Much as the most spirited defense of darkness was penned only after the proliferation of artificial light, Gopnik reminds us that the allure of winter was made possible by the conquest of artificial warmth:
The romance of winter is possible only when we have a warm, secure indoors to retreat to, and winter becomes a season to look at as much as one to live through.
In a sentiment that calls to mind Robin Wall Kimmerer’s exquisite meditation on how naming confers dignity upon life and gives meaning to existence, Gopnik writes:
There is a humane purpose to watching winter that is found simply in the acts of naming and describing… The first thing that the earliest polar explorers did was to name the ice shelves and coasts — naming them after their patrons and their patrons’ moms — and then the very next thing the very next group of explorers did was to change the names, naming those same things after kaisers and their daughters. Names are the footholds, the spikes the imagination hammers in to get a hold on an ice wall of mere existence.
[The act of naming] is the thing that makes the world humane. It gives structure and meaning to natural events that in themselves contain none… In the past two hundred years we have turned winter from something to survive to something to survey, from a thing to be afraid of to a thing to be aware of. It’s through the slow crawl of distinctions, differentiations, and explanations that the world becomes … well, never manageable, but recognizable, this place we know. The conquest of winter, as both a physical fact and an imaginative act, is one of the great chapters in the modern renegotiation of the world’s boundaries, the way we draw lines between what nature is and what we feel about it.
Nearly a century after Rilke’s magnificent letter on what winter teaches us about the richness of life and the tenacity of the human spirit, Gopnik writes:
Ice wine, as every drinker knows, is sweetness made from stress. That’s not news, or not exactly. All good wine takes its essential sugar from the stress of its circumstances: pinot noir, the grape of the cold country of Champagne, gets flabby and soupy as the climate warms. But ice wine is extreme sweetness made from extraordinary stress. Every winter the grapes on the Niagara Peninsula are left not merely to chill but to actually freeze — the worst thing that normally can happen to fruit — and then the brutal cold forces all the natural sugar into the core of the grape, where it waits to be pressed out.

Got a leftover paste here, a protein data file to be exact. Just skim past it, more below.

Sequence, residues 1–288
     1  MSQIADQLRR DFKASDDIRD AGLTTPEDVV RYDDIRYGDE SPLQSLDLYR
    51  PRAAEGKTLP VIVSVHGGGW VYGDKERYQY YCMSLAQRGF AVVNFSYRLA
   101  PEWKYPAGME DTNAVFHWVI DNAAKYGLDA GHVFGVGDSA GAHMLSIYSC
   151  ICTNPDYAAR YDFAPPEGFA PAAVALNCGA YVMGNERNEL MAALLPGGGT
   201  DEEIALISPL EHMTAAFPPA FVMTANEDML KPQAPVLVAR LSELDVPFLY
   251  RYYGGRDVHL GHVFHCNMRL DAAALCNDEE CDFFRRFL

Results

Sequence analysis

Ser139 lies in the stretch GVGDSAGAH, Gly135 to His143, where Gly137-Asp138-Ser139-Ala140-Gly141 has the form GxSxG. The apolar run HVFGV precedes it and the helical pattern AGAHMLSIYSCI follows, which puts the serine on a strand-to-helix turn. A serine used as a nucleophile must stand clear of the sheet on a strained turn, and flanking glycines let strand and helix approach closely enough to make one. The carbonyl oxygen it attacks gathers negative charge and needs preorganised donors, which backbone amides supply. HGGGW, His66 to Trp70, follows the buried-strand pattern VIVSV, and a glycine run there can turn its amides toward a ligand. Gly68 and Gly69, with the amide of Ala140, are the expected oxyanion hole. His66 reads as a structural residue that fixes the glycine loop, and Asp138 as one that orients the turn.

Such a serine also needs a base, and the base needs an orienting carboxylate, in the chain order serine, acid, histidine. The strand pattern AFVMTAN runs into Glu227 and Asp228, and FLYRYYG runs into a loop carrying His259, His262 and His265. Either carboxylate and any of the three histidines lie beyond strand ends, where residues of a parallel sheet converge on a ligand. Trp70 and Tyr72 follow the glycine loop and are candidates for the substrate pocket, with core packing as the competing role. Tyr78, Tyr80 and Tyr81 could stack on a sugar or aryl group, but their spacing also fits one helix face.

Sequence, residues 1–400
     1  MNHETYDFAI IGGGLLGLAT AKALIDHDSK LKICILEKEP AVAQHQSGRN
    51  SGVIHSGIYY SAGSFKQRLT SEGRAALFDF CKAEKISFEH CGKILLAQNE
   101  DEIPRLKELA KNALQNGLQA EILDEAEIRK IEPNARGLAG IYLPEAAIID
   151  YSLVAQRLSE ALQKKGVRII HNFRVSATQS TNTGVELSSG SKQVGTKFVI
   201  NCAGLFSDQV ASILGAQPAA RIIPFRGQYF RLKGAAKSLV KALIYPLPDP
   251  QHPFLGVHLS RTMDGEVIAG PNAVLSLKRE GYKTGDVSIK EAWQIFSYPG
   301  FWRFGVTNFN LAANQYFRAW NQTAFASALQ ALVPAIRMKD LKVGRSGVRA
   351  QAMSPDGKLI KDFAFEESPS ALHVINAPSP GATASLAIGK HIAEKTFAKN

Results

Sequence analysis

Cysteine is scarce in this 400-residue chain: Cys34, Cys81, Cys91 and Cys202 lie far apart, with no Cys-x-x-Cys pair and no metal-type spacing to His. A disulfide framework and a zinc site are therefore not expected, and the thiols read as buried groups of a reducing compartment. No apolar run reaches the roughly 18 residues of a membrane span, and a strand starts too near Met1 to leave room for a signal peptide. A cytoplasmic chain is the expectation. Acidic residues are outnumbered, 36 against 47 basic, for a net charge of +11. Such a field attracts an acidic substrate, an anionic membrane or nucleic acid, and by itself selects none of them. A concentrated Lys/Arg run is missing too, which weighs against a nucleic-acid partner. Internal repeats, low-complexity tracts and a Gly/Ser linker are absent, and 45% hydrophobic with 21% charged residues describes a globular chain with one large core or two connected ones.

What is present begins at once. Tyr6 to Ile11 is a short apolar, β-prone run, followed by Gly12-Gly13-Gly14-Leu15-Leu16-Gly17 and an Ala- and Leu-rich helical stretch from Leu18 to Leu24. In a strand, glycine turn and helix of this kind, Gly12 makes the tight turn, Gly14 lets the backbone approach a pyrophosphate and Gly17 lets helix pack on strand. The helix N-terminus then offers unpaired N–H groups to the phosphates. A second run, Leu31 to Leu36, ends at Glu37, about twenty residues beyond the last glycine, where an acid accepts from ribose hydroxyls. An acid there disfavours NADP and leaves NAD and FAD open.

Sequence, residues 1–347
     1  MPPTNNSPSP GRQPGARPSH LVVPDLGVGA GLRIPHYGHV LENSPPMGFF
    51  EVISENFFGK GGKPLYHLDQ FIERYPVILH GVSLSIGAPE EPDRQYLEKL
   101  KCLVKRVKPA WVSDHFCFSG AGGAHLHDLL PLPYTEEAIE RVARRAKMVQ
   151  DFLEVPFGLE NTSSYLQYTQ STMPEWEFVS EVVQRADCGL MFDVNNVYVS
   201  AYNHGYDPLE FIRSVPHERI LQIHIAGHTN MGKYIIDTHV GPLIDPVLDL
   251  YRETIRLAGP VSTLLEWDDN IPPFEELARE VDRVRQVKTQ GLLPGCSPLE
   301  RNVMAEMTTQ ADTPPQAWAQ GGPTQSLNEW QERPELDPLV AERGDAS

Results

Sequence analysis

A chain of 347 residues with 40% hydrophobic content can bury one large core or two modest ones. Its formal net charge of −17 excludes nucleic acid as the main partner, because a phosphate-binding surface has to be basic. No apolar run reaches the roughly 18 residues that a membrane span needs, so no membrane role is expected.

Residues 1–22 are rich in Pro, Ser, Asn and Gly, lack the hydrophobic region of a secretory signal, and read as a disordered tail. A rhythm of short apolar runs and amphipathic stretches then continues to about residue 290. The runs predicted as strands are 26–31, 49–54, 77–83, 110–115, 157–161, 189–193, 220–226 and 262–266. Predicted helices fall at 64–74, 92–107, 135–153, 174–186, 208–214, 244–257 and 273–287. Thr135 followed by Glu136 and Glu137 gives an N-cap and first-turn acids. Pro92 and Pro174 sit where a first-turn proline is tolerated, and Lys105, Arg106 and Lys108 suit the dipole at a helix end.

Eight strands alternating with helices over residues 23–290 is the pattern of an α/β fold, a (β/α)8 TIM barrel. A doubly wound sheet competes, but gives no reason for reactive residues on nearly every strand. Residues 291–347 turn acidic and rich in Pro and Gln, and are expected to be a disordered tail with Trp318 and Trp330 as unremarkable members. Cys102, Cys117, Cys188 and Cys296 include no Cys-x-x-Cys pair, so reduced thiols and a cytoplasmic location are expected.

And in that simple paradox — the hardest weather makes the nicest wine — lies a secret that gives shape to the winter season, and to our feelings about it. Without the stress of cold in a temperate climate, without the cycle of the seasons experienced not as a gentle swell up and down but as an extreme lurch, bang! from one quadrant of the year to the next, a compensatory pleasure would vanish from the world. There is a lovely term in botany — vernalization — referring to seeds that can only thrive in spring if they have been through the severity of winter. Well, many aspects of our life have become, in the past several hundred years, “vernalized.” (Even those who live in warmth recognize the need for at least the symbols of the cold, as in all that sprayed-on snow in Los Angeles in December.) If we didn’t remember winter in spring, it wouldn’t be as lovely; if we didn’t think of spring in winter, or search winter to find some new emotion of its own to make up for the absent ones, half of the keyboard of life would be missing. We would be playing life with no flats or sharps, on a piano with no black keys.
Complement Gopnik’s altogether bewitching Winter with Annie Dillard on winter and the wonder of life and Tove Jansson’s marvelous wintry allegory of the paradox of control and surrender, then revisit Gopnik on Darwin’s clever strategy for preempting criticism.
For more of Gopnik’s enchanting genius, treat yourself to his wonderful On Being conversation with Krista Tippett: